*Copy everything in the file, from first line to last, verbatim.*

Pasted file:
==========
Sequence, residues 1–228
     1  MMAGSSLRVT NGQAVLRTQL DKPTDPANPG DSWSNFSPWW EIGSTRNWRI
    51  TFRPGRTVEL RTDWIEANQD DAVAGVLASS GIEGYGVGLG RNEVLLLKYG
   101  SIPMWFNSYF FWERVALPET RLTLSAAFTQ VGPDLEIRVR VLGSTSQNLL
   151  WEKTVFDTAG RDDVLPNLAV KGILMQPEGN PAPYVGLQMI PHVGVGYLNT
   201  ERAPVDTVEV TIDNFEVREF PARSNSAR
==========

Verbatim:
Sequence, residues 1–228
     1  MMAGSSLRVT NGQAVLRTQL DKPTDPANPG DSWSNFSPWW EIGSTRNWRI
    51  TFRPGRTVEL RTDWIEANQD DAVAGVLASS GIEGYGVGLG RNEVLLLKYG
   101  SIPMWFNSYF FWERVALPET RLTLSAAFTQ VGPDLEIRVR VLGSTSQNLL
   151  WEKTVFDTAG RDDVLPNLAV KGILMQPEGN PAPYVGLQMI PHVGVGYLNT
   201  ERAPVDTVEV TIDNFEVREF PARSNSAR